Joe Arpaio, the self-described “toughest sheriff” in America, reigned for 24 years.

Matt York / The Associated Press 2012

In the six and a half holiday seasons I spent in prison, inmates weren’t allowed to decorate. No one propped up a tree or dangled lights. Instead, the halls were decked with the folly of Sheriff Joe Arpaio.

If it wasn’t on the news, then a guard made mention of how lucky it was that I and the other women at York CI in Connecticut weren’t incarcerated in Arizona, where a real Scrooge – Maricopa County Sheriff Joe Arpaio – was in charge .

On my last Thanksgiving in the Connecticut facility, I heard that Sheriff Joe served inmates only two meals a day and bragged about spending only 68 cents on inmates’ Thanksgiving dinner of turkey soy casserole.

No Scrooge should go through Christmas without the requisite tête-à-têtes with Charles Dickens’ three ghosts from A Christmas Carol: Christmas Past, Christmas Present, and Christmas Yet to Come. Since you’re always looking to maximize efficiency, Sheriff Joe, I will be all three .

In Christmases past, you, Sheriff Arpaio, blasted Christmas music to disturb the inmates — along with Newt Gingrich’s audio lectures

You also took away cable TV until a federal court order directed you to reconnect it . Prisoners had access only to The Disney Channel and The Weather Channel. When asked why The Weather Channel, you replied, “So they will know how hot it’s gonna be while they are working on my chain gangs.”

As the Ghost of Christmas Past told Ebenezer: “That they are what they are, do not blame me!” These decisions to deny inmates acknowledgement of their humanity are on you.

Sheriff Arpaio, your Christmas Present isn’t going well. You’re a lame duck now that you were voted out last month. People are tired of your name-brand abuse of prisoners.

When confronted with the despair of children about to die, the literary Scrooge asked The Ghost of Christmas Present: “Are there no prisons? Are there no workhouses?” to care for people down on their luck.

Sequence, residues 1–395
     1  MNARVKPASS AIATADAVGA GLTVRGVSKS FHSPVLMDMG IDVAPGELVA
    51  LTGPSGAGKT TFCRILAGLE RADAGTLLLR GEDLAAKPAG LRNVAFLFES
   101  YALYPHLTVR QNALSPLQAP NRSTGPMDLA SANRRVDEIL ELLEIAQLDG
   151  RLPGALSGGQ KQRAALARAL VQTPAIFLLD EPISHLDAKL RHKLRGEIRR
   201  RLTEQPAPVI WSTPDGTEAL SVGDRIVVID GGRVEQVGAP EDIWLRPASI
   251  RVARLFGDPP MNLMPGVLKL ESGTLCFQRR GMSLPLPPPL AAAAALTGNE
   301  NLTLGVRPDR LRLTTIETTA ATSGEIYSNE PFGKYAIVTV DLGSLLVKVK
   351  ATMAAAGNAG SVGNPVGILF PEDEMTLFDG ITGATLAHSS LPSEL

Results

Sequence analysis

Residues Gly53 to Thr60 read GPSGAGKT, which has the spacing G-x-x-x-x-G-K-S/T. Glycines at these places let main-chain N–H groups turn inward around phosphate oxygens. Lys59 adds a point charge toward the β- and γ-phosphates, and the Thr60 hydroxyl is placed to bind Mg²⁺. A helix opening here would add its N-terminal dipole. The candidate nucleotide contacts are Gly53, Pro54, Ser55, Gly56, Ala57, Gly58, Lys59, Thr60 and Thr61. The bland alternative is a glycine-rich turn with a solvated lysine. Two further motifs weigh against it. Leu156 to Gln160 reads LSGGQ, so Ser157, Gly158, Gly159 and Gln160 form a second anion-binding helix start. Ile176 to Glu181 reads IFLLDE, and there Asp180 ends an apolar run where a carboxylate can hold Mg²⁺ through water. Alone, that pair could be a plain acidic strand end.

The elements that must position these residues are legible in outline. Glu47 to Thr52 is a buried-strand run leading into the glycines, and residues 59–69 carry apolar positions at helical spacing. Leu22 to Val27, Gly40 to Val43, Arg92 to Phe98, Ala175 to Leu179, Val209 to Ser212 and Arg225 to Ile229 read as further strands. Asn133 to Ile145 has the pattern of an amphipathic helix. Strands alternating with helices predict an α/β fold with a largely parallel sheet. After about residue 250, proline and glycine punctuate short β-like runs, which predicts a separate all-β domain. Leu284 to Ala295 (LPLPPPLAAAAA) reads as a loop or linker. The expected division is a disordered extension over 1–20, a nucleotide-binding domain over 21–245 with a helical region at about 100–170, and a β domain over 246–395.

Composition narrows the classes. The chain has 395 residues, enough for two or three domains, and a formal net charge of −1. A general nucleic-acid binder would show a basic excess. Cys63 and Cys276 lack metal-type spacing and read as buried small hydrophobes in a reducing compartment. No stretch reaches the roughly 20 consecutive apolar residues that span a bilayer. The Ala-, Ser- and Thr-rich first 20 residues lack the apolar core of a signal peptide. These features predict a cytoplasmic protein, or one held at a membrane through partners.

There are prisons in Arizona because you immortalized them as dumping grounds for the state’s indigent people, erecting tent cities to house them. And workhouses? Sort of. Your inmates work on outdoor chain gangs that evoke images of slavery. Check your Christmas Past to see the pink shirts you made inmates wear on the work detail.

Your Christmas Yet to Come is bleak, too, sheriff . Your pending criminal trial should have already started but it’s been delayed because the federal government is likely to tack on more charges. You may be headed toward corrections yourself — at 84 years of age.

Of course, you will land in a cushy federal prison and not the conditions you imposed on prisoners, but a fall is a fall.

“Assure me that I yet may change these shadows you have shown me, by an altered life!” begged Dickens’ main character of the Ghost of Christmas Yet to Come. I’ll oblige you as well.

The holidays are a poignant time for prisoners . An inmate has the opportunity to be grateful, even for the conditions she doesn’t like and a chance to make peace, with herself and with others, before she turns a calendar page toward hope and change, like everyone else . In this potential, inmates aren’t that alone.

You can repent, Sheriff Arpaio. Even lame ducks can do a few things, particularly if their successor will keep those programs in place, as incoming sheriff Paul Penzone has claimed he will. Start his reforms early as a Christmas gifts for the inmates who suffered during your tenure. Alter your life by publicly apologizing for the way you treated a group of people you may join. Walk and quack like a person with some human concern. The inmates in Arizona are more than names on a headcount list. Like me when I was an inmate, they matter.

May that be truly said of us, and all of us! And so, as Tiny Tim observed, God bless us, every one!

Chandra Bozelko is the author of “Up the River: An Anthology” and writes the award-winning blog Prison Diaries, which can be found at